There are 4,496 households out of which 35.0% have children under the age of 18 living with them, 62.9% are married couples living together, 7.1% have a female householder with no husband present, and 27.6% are non-families. 24.1% of all households are made up of individuals and 11.0% have someone living alone who is 65 years of age or older. The average household size is 2.57 and the average family size is 3.09.
In the borough the population is spread out with 27.2% under the age of 18, 3.7% from 18 to 24, 25.4% from 25 to 44, 27.9% from 45 to 64, and 15.9% who are 65 years of age or older. The median age is 41 years. For every 100 females, there are 90.4 males. For every 100 females age 18 and over, there are 85.1 males.
The median income for a household in the borough is $86,872, and the median income for a family is $103,597. Males have a median income of $73,646 versus $44,968 for females. The per capita income for the borough is $43,170. 2.2% of the population and 1.3% of families are below the poverty line. Out of the total population, 2.0% of those under the age of 18 and 3.2% of those 65 and older are living below the poverty line.
Parks and recreation
Haddonfield has several parks maintained by the Camden County Parks Department.
Hopkins Pond covers 33.10 acres (13.40 ha), and contains both Hopkins Pond and Driscoll Pond.
Wallworth Park contains Evans Pond and Wallworth Pond. Evans Pond is dammed and flows into Wallworth Pond, which is also dammed. Each of these ponds is actually a section of the Cooper River, and the early headwaters of the Cooper flow into Evans Pond.
The Borough of Haddonfield has been governed under the Walsh Act since 1913, with three commissioners elected in non-partisan May elections every four years. Amongst themselves, the Commissioners select a Mayor and may select a Deputy Mayor. Each Commissioner oversees a department within the Borough.
In July 2019, Robert Marshall was selected to fill the seat as commissioner that became vacant following the resignation of John Moscatelli the previous month. Marshall served on an interim basis until the November 2019 general election, when voters elected Colleen Bianco Bezich to serve the balance of the term of office through May 2021.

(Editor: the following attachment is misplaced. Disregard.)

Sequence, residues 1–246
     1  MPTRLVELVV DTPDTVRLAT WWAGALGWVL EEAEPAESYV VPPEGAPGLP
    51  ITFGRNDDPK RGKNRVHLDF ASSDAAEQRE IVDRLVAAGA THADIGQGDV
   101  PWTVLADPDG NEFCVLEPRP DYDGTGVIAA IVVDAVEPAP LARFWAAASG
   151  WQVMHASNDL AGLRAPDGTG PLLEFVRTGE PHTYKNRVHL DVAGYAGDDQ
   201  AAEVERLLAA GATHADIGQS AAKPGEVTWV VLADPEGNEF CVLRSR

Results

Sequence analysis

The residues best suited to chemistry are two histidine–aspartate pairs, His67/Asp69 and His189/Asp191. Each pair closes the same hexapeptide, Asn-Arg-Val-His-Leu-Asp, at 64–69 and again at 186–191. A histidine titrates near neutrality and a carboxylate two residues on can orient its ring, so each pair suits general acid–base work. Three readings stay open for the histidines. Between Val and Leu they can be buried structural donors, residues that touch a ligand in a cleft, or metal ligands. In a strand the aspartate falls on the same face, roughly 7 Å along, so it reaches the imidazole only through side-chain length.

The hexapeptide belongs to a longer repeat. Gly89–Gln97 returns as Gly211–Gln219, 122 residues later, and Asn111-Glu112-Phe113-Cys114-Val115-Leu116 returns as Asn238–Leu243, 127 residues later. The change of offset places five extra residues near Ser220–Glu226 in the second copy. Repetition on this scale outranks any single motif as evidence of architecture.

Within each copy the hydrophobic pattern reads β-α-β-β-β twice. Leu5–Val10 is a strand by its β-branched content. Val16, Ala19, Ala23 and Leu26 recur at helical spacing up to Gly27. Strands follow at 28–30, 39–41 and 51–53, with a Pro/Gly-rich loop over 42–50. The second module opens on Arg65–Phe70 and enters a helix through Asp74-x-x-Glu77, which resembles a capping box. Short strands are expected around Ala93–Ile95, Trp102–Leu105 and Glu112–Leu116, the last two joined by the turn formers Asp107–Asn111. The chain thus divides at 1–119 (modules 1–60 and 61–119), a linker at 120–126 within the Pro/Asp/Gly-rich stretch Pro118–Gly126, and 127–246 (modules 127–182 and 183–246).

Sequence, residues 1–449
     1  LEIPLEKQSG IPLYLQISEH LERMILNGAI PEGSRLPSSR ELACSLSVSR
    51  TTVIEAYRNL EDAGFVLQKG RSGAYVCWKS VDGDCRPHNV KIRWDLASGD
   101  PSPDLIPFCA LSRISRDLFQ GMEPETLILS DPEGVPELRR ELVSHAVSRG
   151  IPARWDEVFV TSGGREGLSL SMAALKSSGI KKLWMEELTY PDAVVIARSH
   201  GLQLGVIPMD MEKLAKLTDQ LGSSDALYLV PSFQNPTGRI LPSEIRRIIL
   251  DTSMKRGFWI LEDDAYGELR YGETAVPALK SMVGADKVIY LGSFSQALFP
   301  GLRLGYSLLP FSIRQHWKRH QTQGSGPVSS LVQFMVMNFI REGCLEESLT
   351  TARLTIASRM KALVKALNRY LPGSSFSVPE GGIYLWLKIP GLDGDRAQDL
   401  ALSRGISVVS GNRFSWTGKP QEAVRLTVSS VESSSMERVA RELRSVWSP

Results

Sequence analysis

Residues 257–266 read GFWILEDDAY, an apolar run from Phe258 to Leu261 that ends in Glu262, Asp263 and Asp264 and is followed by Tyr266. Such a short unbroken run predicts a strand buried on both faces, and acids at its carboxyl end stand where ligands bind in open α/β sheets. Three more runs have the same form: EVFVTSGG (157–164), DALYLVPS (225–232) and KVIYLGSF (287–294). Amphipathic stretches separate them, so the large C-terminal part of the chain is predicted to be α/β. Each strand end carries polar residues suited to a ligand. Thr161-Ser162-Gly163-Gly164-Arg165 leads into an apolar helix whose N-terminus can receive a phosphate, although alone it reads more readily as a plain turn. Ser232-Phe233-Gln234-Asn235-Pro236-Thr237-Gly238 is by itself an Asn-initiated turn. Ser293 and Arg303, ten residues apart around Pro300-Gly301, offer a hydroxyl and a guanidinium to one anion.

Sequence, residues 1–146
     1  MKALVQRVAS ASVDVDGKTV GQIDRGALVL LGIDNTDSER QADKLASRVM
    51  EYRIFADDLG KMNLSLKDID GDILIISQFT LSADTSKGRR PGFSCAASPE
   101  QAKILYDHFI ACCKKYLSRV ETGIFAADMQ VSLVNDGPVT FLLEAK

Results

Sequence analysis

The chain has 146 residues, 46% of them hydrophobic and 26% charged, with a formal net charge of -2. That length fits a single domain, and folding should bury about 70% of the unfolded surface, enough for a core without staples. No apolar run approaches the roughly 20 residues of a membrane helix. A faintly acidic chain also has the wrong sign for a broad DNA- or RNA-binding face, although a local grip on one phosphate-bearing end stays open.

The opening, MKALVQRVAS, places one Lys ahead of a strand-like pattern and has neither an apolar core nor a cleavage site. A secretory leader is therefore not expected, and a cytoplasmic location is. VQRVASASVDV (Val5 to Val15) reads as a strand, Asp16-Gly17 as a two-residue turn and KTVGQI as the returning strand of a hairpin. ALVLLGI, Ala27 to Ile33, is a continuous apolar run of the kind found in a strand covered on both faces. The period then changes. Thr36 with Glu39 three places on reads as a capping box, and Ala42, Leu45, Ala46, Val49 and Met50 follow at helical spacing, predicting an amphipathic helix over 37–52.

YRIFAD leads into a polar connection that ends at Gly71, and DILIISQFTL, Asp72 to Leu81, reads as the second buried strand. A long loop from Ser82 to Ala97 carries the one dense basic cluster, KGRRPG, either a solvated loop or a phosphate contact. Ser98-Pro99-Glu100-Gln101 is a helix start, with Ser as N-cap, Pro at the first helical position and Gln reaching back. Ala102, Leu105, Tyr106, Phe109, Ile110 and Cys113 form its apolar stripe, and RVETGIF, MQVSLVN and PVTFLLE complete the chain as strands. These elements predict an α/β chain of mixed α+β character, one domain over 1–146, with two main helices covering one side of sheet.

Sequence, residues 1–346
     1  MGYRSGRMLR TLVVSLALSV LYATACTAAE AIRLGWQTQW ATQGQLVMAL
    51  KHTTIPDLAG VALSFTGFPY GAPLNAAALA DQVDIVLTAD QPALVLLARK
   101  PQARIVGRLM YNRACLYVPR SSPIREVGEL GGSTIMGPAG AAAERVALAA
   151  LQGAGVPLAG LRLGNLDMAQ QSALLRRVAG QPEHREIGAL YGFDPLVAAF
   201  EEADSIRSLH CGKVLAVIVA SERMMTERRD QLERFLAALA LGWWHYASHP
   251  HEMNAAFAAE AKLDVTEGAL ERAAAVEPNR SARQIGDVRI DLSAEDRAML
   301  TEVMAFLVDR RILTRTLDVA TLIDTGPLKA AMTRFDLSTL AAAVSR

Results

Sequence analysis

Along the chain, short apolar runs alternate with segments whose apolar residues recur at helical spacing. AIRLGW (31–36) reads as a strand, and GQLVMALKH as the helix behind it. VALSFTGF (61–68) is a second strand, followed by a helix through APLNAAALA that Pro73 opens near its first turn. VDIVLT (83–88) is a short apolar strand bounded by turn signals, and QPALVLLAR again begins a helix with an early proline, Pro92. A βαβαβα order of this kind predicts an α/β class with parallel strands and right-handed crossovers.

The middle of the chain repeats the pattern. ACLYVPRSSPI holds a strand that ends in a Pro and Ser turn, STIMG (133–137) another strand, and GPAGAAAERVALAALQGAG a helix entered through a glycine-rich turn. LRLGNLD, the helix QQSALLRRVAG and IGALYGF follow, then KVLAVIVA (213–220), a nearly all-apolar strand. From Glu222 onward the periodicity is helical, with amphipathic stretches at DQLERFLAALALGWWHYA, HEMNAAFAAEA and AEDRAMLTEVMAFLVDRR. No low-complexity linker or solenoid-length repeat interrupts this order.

Although the commission is nominally non-partisan, Kasko serves as state Republican Party Committeeman from Camden County and previously served as Haddonfield's Republican Party Chairman and as an aide to Republican Governor Christine Todd Whitman. Moscatelli and Rochford are unaffiliated voters and are not currently involved with local or state Democratic or Republican party activities.
In 2018, the borough had an average property tax bill of $15,182, the highest in the county (though the mini municipality of Tavistock had an average bill of $31,376 for its three homes), compared to an average bill of $8,767 statewide.
Haddonfield Borough Hall
Githen's Shop c. 1830 in the Haddonfield Historic District.
Borough Hall, the home of Haddonfield government, is located at 242 King's Highway East and was built in 1928 by Walter William Sharpley. There are four main offices, including those for the tax assessor, the construction office and the municipal court office. Borough Hall includes a police department, a courtroom, and an auditorium. Its walls are of marble, steel, or plaster, although police station main walls are of steel and cinder block. Haddonfield police write about 8,000 tickets and receive about 300 criminal complaints each year.
As of March 23, 2011, there were a total of 9,081 registered voters in Haddonfield, of which 3,268 (36.0%) were registered as Democrats, 2,232 (24.6%) were registered as Republicans and 3,575 (39.4%) were registered as Unaffiliated. There were 6 voters registered to other parties.
In the 2012 presidential election, Democrat Barack Obama received 55.3% of the vote (3,849 cast), ahead of Republican Mitt Romney with 43.9% (3,054 votes), and other candidates with 0.7% (51 votes), among the 6,985 ballots cast by the borough's 10,054 registered voters (31 ballots were spoiled), for a turnout of 69.5%. In the 2008 presidential election, Democrat Barack Obama received 59.4% of the vote (4,346 cast), ahead of Republican John McCain, who received around 38.2% (2,793 votes), with 7,311 ballots cast among the borough's 8,970 registered voters, for a turnout of 81.5%. In the 2004 presidential election, Democrat John Kerry received 54.1% of the vote (3,946 ballots cast), outpolling Republican George W. Bush, who received around 44.7% (3,264 votes), with 7,300 ballots cast among the borough's 8,912 registered voters, for a turnout percentage of 81.9.